The field of economics lags considerably behind other social sciences, such as history, anthropology and sociology, in understanding the ways narratives affect human thoughts and actions. Noted economist Robert J. Shiller explains the large-scale ramifications and detailed nuances of “narrative economics,” and how stories about an economic event – perhaps tales of the Great Depression or accounts of asset bubbles – may contribute to financial disruption. getAbstract recommends his erudite report to economists and historians interested in a sweeping discussion of the arc of narrative and its impact on economies.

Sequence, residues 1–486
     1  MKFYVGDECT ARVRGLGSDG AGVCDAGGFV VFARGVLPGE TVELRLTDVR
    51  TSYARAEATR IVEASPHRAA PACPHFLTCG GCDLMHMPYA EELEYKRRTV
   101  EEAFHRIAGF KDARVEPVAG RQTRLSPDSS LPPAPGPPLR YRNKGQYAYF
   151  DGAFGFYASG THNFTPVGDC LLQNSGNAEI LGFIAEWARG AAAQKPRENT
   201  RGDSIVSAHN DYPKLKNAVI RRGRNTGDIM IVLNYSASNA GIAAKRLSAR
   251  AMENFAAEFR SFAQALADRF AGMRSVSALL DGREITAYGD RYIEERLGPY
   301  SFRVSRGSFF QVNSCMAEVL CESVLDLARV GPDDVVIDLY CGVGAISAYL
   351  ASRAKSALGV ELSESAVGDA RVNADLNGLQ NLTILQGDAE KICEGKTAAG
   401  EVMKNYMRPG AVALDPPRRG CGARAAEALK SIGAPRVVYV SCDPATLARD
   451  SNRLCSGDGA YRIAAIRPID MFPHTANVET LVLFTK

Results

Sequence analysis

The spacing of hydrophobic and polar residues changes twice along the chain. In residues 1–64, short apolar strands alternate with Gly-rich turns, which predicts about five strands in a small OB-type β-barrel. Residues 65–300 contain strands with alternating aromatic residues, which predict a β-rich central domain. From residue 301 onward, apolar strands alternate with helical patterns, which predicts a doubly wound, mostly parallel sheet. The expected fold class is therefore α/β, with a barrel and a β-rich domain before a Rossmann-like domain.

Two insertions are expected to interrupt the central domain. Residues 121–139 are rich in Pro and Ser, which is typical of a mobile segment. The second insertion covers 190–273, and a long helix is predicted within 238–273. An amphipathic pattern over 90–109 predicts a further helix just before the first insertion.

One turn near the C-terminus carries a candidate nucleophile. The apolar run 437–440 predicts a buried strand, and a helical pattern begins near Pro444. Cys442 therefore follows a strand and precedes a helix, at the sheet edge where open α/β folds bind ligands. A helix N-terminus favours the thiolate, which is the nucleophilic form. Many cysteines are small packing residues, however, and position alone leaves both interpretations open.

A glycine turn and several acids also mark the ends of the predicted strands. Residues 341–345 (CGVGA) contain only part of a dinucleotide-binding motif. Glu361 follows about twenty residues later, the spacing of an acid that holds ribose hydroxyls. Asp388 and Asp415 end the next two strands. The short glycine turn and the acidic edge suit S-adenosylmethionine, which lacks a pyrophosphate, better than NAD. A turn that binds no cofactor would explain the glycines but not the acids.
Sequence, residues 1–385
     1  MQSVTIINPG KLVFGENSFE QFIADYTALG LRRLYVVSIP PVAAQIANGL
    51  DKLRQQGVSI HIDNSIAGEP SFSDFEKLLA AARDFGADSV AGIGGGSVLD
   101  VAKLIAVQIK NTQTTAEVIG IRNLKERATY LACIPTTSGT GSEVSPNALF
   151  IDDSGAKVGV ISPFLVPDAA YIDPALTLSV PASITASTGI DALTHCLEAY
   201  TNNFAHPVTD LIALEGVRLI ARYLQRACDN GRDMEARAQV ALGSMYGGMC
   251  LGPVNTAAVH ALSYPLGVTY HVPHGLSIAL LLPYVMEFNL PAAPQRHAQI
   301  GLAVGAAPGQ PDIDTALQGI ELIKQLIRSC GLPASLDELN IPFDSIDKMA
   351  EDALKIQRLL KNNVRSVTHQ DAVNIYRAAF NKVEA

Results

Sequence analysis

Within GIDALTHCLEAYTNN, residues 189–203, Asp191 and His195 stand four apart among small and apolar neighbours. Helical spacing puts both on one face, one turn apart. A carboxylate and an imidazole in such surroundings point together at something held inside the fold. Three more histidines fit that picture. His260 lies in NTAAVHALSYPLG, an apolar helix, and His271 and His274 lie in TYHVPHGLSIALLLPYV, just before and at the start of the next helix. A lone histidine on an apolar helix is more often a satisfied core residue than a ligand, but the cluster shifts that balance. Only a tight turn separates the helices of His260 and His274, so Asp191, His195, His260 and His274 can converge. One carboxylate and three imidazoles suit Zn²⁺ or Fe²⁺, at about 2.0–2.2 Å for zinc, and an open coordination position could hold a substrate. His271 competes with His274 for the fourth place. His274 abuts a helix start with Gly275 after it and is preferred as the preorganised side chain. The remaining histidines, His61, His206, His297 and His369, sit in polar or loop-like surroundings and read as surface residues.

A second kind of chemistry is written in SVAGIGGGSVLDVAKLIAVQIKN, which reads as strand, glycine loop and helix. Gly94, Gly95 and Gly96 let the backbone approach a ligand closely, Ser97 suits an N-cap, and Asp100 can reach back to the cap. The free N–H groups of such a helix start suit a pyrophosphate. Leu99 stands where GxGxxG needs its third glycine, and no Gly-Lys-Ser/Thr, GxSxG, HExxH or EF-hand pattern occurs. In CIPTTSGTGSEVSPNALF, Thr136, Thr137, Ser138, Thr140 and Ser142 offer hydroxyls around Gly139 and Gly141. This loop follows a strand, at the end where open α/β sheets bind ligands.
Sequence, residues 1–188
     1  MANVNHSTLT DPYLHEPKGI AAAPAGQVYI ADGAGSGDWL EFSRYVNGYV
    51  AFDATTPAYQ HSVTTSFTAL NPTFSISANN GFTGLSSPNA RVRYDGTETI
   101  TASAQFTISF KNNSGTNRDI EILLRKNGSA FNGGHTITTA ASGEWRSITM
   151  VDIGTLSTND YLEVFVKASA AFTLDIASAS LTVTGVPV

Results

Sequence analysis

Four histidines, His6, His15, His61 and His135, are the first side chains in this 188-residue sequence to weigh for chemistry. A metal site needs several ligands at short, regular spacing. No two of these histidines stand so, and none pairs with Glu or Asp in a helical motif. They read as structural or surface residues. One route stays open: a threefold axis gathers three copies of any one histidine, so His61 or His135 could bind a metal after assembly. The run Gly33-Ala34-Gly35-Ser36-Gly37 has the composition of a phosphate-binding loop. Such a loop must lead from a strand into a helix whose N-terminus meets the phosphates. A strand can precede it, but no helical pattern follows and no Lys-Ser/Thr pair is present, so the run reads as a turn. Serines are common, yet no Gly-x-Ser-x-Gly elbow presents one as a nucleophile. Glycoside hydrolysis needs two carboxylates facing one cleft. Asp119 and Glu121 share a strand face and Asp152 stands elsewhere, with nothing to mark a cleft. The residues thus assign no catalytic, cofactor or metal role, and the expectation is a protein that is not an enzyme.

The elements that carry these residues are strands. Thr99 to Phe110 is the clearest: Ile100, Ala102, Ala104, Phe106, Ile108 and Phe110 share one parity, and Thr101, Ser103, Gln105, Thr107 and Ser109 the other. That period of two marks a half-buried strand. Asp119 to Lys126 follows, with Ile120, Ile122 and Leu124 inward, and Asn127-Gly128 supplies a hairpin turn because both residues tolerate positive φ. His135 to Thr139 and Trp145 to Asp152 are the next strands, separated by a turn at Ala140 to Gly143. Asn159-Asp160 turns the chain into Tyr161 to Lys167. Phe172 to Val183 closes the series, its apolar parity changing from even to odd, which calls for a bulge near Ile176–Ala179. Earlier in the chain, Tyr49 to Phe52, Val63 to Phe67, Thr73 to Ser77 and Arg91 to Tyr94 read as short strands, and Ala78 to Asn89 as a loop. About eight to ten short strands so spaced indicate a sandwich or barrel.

In this summary, you will learn
- What the term “narrative economics” describes,
- How economists can use stories in their profession, and
- Why narratives are important for understanding economic conditions and policies.
About the Author
Nobel laureate Robert J. Shiller is a professor of economics and finance at Yale University.